Modi set to open temple built at site of mosque razed by Hindu zealots
Time:2024-01-20 13:34


India's Prime Minister Narendra Modi will inaugurate a temple that embodies the triumph of his muscular Hindu nationalist politics, in an unofficial start to his re-election campaign this year.

The 50-metre (160-foot) tall house of worship for the deity Ram, which will be opened on Monday, was built on grounds where a mosque stood for centuries before it was torn down by Hindu zealots incited by members of Modi's party.

That demolition in 1992 triggered the worst religious riots since independence—killing 2,000 people, most of them Muslims—and shook the foundations of India's officially secular political order.

But for Modi's ruling Bharatiya Janata Party (BJP), the opening of the Ram Mandir temple in the northern town of Ayodhya is a landmark moment in a decades-long campaign to align the country's governance with its majority faith.

"I am fortunate that I will also be a witness to this auspicious occasion," Modi said last week, announcing he was embarking on an 11-day ritual fast ahead of the opening.

"The Lord has made me an instrument to represent all the people of India."

Effort 'to bring Hinduism to forefront'

Thousands of people are expected to throng Ayodhya for the ceremony alongside celebrity guests including billionaire Indian tycoons, former national cricket captain Virat Kohli and Bollywood titan Amitabh Bachchan.

Modi and the BJP have sought to bring the Hindu faith to the forefront of public life since sweeping to power a decade ago.

Party luminaries regularly condemn earlier eras of Islamic rule over parts of India as a time of "slavery" when their own religion was oppressed, with Ayodhya a key plank in their narrative.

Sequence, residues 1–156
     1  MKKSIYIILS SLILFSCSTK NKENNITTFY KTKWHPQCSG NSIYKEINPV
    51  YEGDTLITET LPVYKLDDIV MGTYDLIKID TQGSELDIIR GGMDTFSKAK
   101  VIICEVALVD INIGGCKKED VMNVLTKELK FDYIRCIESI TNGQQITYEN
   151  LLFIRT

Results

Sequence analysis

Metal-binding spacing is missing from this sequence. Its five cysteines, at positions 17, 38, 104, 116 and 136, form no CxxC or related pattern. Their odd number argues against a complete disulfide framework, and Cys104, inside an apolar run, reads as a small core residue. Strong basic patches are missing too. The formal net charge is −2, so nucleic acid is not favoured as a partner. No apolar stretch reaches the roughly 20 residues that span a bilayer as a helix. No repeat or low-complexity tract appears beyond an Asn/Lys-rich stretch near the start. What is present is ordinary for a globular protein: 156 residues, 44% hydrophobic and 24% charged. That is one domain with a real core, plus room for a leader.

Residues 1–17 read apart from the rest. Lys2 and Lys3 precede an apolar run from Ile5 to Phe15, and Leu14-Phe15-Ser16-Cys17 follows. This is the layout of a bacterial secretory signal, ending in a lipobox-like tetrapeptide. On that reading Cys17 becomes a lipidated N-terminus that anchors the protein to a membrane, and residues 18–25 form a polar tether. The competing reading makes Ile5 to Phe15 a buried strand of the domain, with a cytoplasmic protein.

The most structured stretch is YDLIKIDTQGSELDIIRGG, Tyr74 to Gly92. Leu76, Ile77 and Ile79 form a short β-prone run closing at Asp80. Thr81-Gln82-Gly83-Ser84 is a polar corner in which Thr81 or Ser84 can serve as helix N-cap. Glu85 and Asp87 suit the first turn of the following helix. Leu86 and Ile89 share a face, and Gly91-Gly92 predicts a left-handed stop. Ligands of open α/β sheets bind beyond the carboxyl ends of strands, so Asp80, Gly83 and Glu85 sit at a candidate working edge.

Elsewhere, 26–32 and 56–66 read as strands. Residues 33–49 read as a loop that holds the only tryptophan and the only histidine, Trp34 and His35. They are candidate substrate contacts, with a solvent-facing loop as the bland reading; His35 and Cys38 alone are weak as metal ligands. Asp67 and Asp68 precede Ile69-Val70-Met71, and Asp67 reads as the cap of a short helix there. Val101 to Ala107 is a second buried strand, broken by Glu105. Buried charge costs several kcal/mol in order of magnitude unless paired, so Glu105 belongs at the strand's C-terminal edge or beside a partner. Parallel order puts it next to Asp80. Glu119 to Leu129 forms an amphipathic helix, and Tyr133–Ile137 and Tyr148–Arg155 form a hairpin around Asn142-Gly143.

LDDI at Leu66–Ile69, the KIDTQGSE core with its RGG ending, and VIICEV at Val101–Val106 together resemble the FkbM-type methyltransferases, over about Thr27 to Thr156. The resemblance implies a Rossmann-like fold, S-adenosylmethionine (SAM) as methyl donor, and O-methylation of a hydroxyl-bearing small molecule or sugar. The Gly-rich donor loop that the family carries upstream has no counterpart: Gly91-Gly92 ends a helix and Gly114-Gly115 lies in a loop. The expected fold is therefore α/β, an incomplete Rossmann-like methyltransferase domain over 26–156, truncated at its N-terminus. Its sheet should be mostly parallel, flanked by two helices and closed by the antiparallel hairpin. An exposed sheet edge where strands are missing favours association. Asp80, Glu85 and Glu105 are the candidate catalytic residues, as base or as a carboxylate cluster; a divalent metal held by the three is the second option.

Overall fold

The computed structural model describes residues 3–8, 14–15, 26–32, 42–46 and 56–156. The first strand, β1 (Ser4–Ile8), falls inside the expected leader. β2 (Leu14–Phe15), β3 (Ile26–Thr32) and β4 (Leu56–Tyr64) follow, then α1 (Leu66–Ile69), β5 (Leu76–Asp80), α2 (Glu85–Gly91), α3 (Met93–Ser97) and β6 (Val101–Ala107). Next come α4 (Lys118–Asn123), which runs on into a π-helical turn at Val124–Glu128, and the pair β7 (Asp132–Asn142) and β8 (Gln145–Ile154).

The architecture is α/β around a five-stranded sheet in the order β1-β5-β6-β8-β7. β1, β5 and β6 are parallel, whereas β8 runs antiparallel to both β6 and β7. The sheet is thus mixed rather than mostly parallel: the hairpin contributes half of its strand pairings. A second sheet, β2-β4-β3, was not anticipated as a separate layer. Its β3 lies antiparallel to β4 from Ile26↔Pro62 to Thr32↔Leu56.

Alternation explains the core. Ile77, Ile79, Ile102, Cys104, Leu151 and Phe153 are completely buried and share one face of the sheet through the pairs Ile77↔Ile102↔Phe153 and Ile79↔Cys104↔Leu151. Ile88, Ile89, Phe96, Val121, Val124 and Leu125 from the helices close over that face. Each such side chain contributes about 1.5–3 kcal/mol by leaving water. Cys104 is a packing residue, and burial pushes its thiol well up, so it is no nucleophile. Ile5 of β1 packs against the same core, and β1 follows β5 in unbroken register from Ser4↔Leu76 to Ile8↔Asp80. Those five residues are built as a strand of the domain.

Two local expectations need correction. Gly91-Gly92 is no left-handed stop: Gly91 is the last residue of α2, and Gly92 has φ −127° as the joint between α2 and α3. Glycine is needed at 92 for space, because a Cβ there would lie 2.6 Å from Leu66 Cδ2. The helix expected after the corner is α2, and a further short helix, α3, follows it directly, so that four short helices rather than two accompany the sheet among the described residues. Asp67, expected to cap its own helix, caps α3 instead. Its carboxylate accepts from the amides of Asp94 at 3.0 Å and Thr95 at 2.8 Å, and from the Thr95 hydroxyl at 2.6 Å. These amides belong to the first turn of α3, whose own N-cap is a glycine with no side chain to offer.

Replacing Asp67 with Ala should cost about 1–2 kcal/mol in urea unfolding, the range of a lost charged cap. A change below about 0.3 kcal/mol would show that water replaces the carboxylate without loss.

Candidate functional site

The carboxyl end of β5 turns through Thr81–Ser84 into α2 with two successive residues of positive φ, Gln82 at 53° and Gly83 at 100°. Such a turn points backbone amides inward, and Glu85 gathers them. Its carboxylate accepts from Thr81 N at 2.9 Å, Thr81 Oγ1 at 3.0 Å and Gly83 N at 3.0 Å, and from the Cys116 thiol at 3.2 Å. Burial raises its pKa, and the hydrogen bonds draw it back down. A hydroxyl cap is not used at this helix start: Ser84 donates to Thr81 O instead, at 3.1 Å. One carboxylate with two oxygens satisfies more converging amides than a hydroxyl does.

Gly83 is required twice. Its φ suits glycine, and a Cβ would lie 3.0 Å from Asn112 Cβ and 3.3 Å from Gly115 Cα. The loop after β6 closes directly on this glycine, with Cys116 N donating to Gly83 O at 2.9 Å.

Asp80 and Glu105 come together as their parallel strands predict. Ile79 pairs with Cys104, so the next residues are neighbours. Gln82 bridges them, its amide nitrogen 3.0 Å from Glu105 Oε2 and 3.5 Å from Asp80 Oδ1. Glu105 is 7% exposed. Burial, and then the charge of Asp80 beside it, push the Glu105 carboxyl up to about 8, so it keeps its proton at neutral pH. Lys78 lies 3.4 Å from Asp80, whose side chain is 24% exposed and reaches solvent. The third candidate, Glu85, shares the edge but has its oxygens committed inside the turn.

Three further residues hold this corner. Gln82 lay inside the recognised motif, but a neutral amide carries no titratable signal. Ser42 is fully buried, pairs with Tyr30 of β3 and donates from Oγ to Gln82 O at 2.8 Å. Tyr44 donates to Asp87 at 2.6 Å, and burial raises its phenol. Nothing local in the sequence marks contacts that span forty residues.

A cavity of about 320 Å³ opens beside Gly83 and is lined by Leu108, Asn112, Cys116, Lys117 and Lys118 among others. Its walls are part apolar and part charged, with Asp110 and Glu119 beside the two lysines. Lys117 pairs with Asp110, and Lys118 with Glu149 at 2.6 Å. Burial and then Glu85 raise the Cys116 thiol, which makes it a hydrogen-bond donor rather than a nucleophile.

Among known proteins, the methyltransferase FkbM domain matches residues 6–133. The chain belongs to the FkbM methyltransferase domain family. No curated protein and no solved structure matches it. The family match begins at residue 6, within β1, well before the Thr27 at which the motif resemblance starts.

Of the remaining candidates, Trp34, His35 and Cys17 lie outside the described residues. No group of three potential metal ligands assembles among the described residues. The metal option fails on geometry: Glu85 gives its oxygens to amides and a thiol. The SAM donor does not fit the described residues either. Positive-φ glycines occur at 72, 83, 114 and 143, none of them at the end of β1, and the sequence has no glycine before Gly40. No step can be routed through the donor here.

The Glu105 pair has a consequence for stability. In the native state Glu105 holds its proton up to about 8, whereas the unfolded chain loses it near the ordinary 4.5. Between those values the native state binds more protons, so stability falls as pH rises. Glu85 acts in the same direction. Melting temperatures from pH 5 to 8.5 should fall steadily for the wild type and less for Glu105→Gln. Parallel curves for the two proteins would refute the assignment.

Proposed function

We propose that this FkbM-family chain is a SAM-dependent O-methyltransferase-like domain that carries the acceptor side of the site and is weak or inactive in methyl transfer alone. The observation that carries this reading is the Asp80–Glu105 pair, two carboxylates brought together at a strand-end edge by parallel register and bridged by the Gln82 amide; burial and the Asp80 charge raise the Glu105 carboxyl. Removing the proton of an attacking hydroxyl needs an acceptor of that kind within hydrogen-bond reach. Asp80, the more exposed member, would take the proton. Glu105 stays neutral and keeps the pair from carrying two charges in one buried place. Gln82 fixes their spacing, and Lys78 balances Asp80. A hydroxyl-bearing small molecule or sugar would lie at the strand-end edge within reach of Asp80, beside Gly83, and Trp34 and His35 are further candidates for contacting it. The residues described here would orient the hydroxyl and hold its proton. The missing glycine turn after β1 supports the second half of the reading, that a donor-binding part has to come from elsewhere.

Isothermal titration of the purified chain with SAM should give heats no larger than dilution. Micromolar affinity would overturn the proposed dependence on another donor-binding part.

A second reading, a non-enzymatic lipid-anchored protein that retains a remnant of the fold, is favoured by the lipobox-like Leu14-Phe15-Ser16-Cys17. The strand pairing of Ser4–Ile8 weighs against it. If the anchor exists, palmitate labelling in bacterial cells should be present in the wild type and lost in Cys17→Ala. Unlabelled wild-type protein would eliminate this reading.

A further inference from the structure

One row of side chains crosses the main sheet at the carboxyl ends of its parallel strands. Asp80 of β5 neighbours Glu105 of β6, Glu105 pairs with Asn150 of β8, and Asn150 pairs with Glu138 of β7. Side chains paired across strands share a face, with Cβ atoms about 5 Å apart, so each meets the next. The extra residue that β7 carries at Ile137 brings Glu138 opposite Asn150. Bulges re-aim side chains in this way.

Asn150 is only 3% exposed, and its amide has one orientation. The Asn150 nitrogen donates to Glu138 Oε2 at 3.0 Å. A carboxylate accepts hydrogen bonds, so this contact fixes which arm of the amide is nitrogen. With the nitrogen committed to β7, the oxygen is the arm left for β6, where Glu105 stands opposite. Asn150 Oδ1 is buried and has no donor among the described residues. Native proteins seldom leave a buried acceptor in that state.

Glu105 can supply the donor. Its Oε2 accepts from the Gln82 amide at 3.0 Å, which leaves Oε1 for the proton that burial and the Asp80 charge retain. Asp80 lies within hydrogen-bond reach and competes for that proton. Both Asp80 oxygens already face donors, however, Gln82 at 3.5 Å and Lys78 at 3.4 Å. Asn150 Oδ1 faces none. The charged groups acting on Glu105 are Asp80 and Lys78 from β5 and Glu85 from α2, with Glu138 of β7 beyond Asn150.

Devout Hindus believe Ram, one of the most revered Hindu gods, was born in the town more than 7,000 years ago, but that the Babri mosque was built over his birthplace by a 16th-century Muslim emperor.

The BJP played an instrumental role in public campaigning that eventually led to the mosque's demolition.

One party elder travelled around the country to rally the faithful to the cause in a Toyota sedan fitted to resemble Ram's mythical chariot -- a procession that sparked multiple religious riots in its wake.

The destruction presaged the rise of the BJP and Modi as unstoppable electoral juggernauts, displacing the secularist Congress party that had governed India almost without interruption since independence from British colonial rule.

Political timing ahead of general election expected in April

A legion of sculptors has been working to finish the embossed exterior of the temple, whose construction has cost an estimated $240 million that the project's backers say was sourced entirely from public donations.

Modi's consecration of the temple alongside saffron-robed Hindu priests will again project him as a defender of the faith, at an opportune moment ahead of a general election expected to begin in April.

The BJP is heavily favoured to win a third successive landslide victory, in part because of Modi's successful appeals to Hindu sentiment, and opposition parties are boycotting the temple ceremony, saying the event will be a thinly veiled campaign rally.

Nistula Hebbar, political editor of The Hindu broadsheet, told AFP the opening would demonstrate the ruling party's "cultural nationalism". "The timing has to do with the fact that the BJP is going into the polls."


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